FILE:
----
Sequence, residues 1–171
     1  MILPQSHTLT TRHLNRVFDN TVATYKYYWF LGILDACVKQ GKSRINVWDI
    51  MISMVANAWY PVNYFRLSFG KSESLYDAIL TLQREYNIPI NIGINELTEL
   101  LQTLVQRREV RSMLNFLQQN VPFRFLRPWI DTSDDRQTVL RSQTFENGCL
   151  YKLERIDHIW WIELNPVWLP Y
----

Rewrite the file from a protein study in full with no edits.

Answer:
Sequence, residues 1–171
     1  MILPQSHTLT TRHLNRVFDN TVATYKYYWF LGILDACVKQ GKSRINVWDI
    51  MISMVANAWY PVNYFRLSFG KSESLYDAIL TLQREYNIPI NIGINELTEL
   101  LQTLVQRREV RSMLNFLQQN VPFRFLRPWI DTSDDRQTVL RSQTFENGCL
   151  YKLERIDHIW WIELNPVWLP Y